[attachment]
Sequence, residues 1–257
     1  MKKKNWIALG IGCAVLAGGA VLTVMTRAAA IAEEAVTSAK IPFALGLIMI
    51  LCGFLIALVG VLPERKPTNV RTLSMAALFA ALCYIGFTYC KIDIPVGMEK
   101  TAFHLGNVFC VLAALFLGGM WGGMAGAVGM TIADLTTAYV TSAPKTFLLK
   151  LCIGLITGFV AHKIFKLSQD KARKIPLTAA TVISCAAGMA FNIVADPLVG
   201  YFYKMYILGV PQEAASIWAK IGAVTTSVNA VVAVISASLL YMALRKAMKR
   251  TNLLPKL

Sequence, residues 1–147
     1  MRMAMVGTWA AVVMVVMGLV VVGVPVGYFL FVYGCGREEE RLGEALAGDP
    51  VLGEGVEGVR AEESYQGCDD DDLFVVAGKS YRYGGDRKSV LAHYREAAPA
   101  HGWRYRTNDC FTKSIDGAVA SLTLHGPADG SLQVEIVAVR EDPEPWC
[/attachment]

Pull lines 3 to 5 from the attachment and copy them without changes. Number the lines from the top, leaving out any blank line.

    51  LCGFLIALVG VLPERKPTNV RTLSMAALFA ALCYIGFTYC KIDIPVGMEK
   101  TAFHLGNVFC VLAALFLGGM WGGMAGAVGM TIADLTTAYV TSAPKTFLLK
   151  LCIGLITGFV AHKIFKLSQD KARKIPLTAA TVISCAAGMA FNIVADPLVG